If you’re passionate about animal welfare, you’ve probably seen movies like Blackfish, The Cove, or Project Nim. But what about books about animal rights? If you’re looking to gain a deeper understanding about the complicated and (often) sad history of the relationship between humans and animals, here are some animal rights classics to put on your to-read list.
Animal Liberation, by Peter Singer
No list of animal rights books would be complete without Animal Liberation, written by philosopher Peter Singer. Animal Liberation was first published in 1975 and is considered by many to be the “bible” of the animal rights movement. Animal Liberation had a huge impact when it first came out, and did more to raise awareness about animal suffering caused by human actions like laboratory experiments and factory farming than any other book at the time.
The Face on Your Plate: The Truth About Food, by Jeffrey Moussaieff Masson
What do your food choices have to do with animal welfare and the health of the environment? Pretty much everything, as this eye-opening book explains. The author argues that it’s perfectly natural for humans to eat a plant-based diet, and that even if we don’t eat meat, we are in denial about consuming animal products like milk, eggs, and cheese that are supposedly produced in “cruelty-free” environments. Oh, and about that fish you think it’s OK to eat…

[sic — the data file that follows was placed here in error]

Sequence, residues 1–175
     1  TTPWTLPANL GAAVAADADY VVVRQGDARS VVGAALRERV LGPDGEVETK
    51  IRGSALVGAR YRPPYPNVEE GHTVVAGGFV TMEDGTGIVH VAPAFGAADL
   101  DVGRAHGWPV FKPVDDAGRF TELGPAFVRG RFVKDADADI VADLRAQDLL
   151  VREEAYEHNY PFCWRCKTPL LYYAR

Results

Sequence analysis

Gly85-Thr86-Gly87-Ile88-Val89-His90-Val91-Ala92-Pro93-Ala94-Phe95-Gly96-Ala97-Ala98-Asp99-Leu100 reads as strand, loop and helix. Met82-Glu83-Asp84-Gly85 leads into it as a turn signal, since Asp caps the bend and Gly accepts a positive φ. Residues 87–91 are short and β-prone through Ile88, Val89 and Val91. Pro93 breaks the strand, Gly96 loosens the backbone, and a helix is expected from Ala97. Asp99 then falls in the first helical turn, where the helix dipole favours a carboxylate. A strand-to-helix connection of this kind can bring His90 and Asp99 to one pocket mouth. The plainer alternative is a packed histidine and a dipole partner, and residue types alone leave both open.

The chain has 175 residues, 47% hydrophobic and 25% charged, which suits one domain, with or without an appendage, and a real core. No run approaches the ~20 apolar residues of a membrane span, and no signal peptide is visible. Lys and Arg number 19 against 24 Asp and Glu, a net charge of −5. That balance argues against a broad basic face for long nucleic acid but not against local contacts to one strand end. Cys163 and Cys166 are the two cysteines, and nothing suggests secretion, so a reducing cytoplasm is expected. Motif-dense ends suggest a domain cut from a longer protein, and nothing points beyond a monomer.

The Emotional Lives of Animals, by Marc Bekoff
Marc Bekoff is a biologist who specializes in animal communication. He has studied a wide range of animals--from wolves and dogs to elephants to birds--and based on his observations has come to the conclusion that animals lead rich emotional lives. He describes how animals experience pain, empathy, cooperation, and even morality. As a young man, he famously quit medical school after being required to kill a cat as part of an experiment.
Dominion: The Power of Man, the Suffering of Animals, and the Call to Mercy, by Matthew Scully
You might be surprised to learn that Matthew Scully was a speechwriter for conservative Republican politicians after you read his thoughtful and moving book Dominion. Scully outlines many of the horrible things humans have done to animals over the centuries, such as hunting, factory farming, and capturing wild animals for zoos and aquariums. Scully makes a compelling moral argument that it is fundamentally wrong for us to treat animals with anything less than empathy and kindness.
Why We Love Dogs, Eat Pigs, and Wear Cows, by Melanie Joy
What does “carnism” mean? Melanie Joy coined this term to describe the pervasive way society conditions people to eat certain kinds of animals. In this important book, Joy argues that we have been taught to believe that eating meat is a necessity, not a choice. She also notes that society perpetuates carnism through a series of defenses, like hiding the realities of factory farming from the public, objectifying animals, and invalidating veganism.
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